abuse · domestic violence

When You Feel for Your Abuser

Abusers are people too, and if you’re an empath you have likely given them thoughts and feelings they don’t necessarily deserve.

In the past few weeks, I’ve read a number of posts and had a couple of conversations that revolve around the feelings involved with leaving abusive partners.  I’m not referring to the feelings we generally encounter in leaving such a relationships, such as fear.  I’m speaking of genuine concern and love for your (ex)partner.  And, like so many things I’ve encountered in this new journey I’m taking in life, other people’s current situations bring back memories of where I used to be.  

I could be wrong, but I believe that I often forget these “good” or “mushy” feelings as a form of self-defense.  But even though I have since blocked them from my general repertoire of discussion topics on abuse, they were very real barriers that I faced as I left my abuser and worked to move on.

I remember walking into our old apartment, when he was at work to pick up some last items, and seeing how dark and bland everything was.  If I had removed knick-knacks, nothing was put in their place.  The quilt that was gifted from my parents had been replaced by a boring brown comforter that matched the walls and floor.  The counter was empty, the fridge lacked food, and the walls were bare where I had taken down family pictures.  The whole apartment was depressing.  I felt an overwhelming feeling of sadness that his living arrangements were so empty.  I imagined him coming home from work and sitting alone on the couch, sad (because he had told me how miserable he was without me).  I imagined him climbing into that boring, colorless bed and being numb.  A part of me thought that I should be happy that he was miserable, but most of me simply felt bad for him and imagined how hard it would be if he had chosen to leave me (assuming I was happy in the relationship).

Later, after he stopped moping and went back to demanding and trying to control me from afar, I had another similar experience.  I was out shopping and he text me.  I don’t remember what it said, but I know it was hurtful.  I was drawn to the Hallmark store, where I stood and stared at their special Christmas ornaments – a favorite of his – fighting tears that he was still able to affect me months after the divorce.  I recall standing in the store and texting back that I was done having him contact me and if he had something important, he could email me.  I then blocked his number.  You would have thought that I had lost someone very dear to me as I stood there sobbing in the store.  But I guess, in some ways, I did.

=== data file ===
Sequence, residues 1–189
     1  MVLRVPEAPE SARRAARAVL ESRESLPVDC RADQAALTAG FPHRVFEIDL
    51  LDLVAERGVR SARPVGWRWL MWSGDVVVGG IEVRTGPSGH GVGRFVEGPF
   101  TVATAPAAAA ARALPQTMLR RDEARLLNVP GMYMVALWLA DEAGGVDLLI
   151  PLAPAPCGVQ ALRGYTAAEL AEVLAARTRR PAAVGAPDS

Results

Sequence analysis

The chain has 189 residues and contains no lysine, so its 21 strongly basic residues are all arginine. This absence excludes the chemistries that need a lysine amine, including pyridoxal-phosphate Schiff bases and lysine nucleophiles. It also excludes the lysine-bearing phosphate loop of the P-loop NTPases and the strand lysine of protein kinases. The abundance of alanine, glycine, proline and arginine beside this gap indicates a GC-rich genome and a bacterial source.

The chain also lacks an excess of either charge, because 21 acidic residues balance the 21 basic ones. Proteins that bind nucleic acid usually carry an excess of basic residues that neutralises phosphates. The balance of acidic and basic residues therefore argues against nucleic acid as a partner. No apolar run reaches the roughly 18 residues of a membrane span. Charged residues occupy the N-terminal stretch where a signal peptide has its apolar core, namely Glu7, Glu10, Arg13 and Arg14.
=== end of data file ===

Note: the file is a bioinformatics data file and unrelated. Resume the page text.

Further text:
You see, no matter how cruel an abuser is, they are someone we loved.  And anytime you say goodbye to someone you love, no matter how good it is for you or how much happier you are without them, it is a loss.  It is only normal that you should feel bad for them, wonder how they are doing, and have some fond memories.  

I believe that it only becomes an issue when you allow those feelings to linger and affect you, to draw you back, or to interfere with your future relationships. So, when you have a kind thought about your abuser, feel bad that they turned out to be the person they are, or find yourself concerned over their well-being, treat it as any other toxic thought.  Remember that they don’t necessarily see the world the same way you do and you are likely projecting your own feelings onto them.  Tell yourself the thought has a place, acknowledge it, and let it go.  Don’t dwell and don’t guilt yourself.  Instead, take that kindness and love and share it with those who are deserving of it.  

6 thoughts on “When You Feel for Your Abuser

  1. Thank you for writing this post.

    Feelings are a barrier that rarely gets talked about or it gets lost in nuances. My heart used to ache painfully at the thought of him in our apartment without me. No matter how bad the abuse is, it doesn’t mean your love for them was any less real. And that takes a while to recover from and let go

    Liked by 1 person

  2. I am glad to see this post. I have many fond memories with my abuser, and the memories and clinging to the past are what keeps me locked in a toxic relationship. Sometimes I feel like he brainwashed me, much like a cult leader, like I drank the kool-aid. Just last night I saw him (we are not currently residing together) and he spit on me twice and called me whore or slut more than my first name; and yet when I pulled away those events vanished and I wondered how I would afford a winter coat for him so he would not be cold. He is 37. He has been on his own since 15 – there is no doubt he can manage the task of obtaining a coat for the winter in the Midwest as he has done every other year of his life. I do not want to live in these fond memories because it keeps me tied to him. I want memories of him to be similar to a swamp – a place you visit every now and then, but yo
    u do not linger or live there.

    Liked by 1 person

    1. It is a difficult process for sure. It took me many years and no contact for a long while before I could seperate the two. Now, I rarely think of him at all, unless I’m talking about him as part of my outreach. Just keep reminding yourself that you do not deserve the unkindness that he shows you. The behavior you described is not ok. You can remember the good times, but don’t cling to them.

      Liked by 1 person

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